And I think -- so I'm not surprised that more of these cases now are going to federal court as we close down Guantanamo.
COSTELLO: But, let's face it, Paul, this guy didn't act alone. Why aren't they making more arrests and then I guess bringing them into the United States?
CALLAN: Well, he did not act alone. But he's in Libya. I don't know -- certainly our intelligence is better over there now ,and by the way he is pretty much a dummy. I understand that he's supposed to be the ringleader of this attack but he gave very public press interviews. There's videotape of him -- it looks like he's orchestrating the attack. So they can make a case out against him it seems to me fairly easily. So whether there are others out there they haven't apprehended yet is probably true, but I'm think you will see more being apprehended and brought back to the United States.
COSTELLO: Paul Callan, thanks so much.
CALLAN: Always nice being with you, Carol.
COSTELLO: Nice to have you here.
Still to come to the NEWSROOM, having a bad day? Blame it on Facebook. A controversial study triggers an online backlash among users. CNN business correspondent Alison Kosik is on that story. Good morning.
ALISON KOSIK, CNN BUSINESS CORRESPONDENT: Good morning, Carol. You mentioned that bad day. Well, what if you went to Facebook and Facebook made that bad day worse on purpose without telling you? Sounds crazy. Not so far fetched though. I'm going to have details coming up.
COSTELLO: If you are on Facebook, consider yourself a guinea pig. That's because the social media site altered the news feeds over nearly 700,000 users to conduct a controversial mood study. And guess what? They did not inform you.
Let's bring in CNN business correspondent Alison Kosik. Good morning.
KOSIK There's a lot of outrage over this, so let me back this up and tell you how this began.
This was an experiment two years ago for a week. So what Facebook apparently did was it tinkered with about 700,000 news feeds. So what happened was some people were shown a higher number of positive posts, others were shown more negative posts. Facebook apparently wanting to do this because they wanted to see what kind of emotional impact Facebook has on people.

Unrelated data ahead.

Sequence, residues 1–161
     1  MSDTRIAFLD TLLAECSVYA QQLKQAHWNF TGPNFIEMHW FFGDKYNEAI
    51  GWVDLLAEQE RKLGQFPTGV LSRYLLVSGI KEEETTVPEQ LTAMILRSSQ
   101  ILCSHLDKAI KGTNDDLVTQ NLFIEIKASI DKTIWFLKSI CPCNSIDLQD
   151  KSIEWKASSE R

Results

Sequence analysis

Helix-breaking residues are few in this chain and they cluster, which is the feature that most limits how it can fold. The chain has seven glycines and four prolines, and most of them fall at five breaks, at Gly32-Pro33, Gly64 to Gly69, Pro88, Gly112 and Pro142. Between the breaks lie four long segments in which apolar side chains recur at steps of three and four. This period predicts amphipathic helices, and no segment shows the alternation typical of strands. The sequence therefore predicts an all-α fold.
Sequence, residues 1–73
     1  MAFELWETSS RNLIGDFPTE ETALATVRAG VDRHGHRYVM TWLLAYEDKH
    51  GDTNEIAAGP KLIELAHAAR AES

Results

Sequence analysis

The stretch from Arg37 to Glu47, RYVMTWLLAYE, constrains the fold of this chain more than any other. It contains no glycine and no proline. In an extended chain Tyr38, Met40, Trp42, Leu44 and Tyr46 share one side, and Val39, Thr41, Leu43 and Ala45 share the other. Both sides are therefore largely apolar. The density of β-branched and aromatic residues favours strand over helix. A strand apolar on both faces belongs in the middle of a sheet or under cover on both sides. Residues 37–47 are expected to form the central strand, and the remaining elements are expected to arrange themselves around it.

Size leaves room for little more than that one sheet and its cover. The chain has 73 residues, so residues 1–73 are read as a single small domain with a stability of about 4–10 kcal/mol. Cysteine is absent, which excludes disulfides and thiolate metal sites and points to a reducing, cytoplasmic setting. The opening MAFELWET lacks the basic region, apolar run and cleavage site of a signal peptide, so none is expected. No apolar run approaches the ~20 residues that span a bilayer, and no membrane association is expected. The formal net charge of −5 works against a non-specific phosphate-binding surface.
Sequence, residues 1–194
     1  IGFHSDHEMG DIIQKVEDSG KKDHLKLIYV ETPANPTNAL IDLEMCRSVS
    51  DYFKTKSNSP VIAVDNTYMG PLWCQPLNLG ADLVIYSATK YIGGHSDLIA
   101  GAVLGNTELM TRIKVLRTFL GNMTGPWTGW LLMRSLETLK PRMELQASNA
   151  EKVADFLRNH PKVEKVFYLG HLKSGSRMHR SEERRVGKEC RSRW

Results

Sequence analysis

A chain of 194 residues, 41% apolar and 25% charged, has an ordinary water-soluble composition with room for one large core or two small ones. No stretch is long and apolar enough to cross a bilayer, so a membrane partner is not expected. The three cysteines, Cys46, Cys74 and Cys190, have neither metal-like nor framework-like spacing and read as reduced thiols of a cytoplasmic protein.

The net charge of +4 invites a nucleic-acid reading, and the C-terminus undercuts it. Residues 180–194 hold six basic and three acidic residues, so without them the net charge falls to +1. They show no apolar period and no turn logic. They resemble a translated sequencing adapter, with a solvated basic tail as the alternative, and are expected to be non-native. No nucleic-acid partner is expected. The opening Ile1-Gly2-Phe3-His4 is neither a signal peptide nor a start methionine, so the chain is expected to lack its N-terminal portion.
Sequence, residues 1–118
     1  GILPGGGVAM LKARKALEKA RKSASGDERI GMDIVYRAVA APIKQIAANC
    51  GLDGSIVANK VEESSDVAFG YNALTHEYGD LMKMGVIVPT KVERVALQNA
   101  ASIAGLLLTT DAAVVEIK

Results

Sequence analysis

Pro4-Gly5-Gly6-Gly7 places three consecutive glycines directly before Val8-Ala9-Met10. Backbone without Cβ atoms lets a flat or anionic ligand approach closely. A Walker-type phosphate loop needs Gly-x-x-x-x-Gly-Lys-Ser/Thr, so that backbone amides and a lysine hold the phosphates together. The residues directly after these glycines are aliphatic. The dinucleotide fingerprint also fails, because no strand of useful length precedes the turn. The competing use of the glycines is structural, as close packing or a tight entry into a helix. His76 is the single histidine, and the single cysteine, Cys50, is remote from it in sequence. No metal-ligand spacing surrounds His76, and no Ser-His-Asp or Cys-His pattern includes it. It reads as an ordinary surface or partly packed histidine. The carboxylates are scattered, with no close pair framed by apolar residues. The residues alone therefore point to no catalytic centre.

So here's what they found out -- they found out users who were shown more negative content were more likely to produce more negative posts. Showed a positive group responded with more upbeat posts.
So, hey, it worked. But here's the problem, Facebook didn't tell anybody it was doing this. And of course on social media everybody is speaking out about this. Mixed reaction, mostly anger though. One comment stood out for me on Twitter, a privacy activist saying, "I wonder if Facebook killed anyone with their emotional manipulation stunt. At their scale and with depressed people out there, it's possible."
So a lot of outrage over this. Not really surprised, because we know that Facebook has had a lot of privacy issues in the past, Carol.
COSTELLO: Well, I was just going to ask you, did Facebook break any privacy rules?
KOSIK: Well, no, they didn't. The justification that Facebook is giving is that, whenever you sign up for Facebook, bet you don't remember this, you agree to their extensive terms of service. And in that 9,000 words terms of service is this data use policy which has this little itty bitty line about how your information can be used for research. So there doesn't seem to be any of these legal implications with this, but ethical implications -- ask anybody, it's got this kind of ick factor. We feel like we're being lab rats. It's got this creepy undertone of being manipulated and watched.
Now, the Facebook data scientist, Adam Cramer, he said -- he actually posted something on his Facebook page, and he said it was important with this experiment to see how being exposed to friends' negativity or even positivity can lead to people avoiding Facebook. He apparently in his post is feeling remorseful, saying I can tell you our goal was never to upset anyone. In hindsight, the research benefits of the paper may not have justified all this anxiety.
So it sounds like maybe they're thinking maybe it wasn't such a good idea.
COSTELLO: Yes, and maybe they should ask first, right?
KOSIK: You think?
COSTELLO: The next time? Because there will be a next time. We all know that.
KOSIK: Of course.
COSTELLO: Alison Kosik, thanks so much. The next hour of CNN NEWSROOM starts now.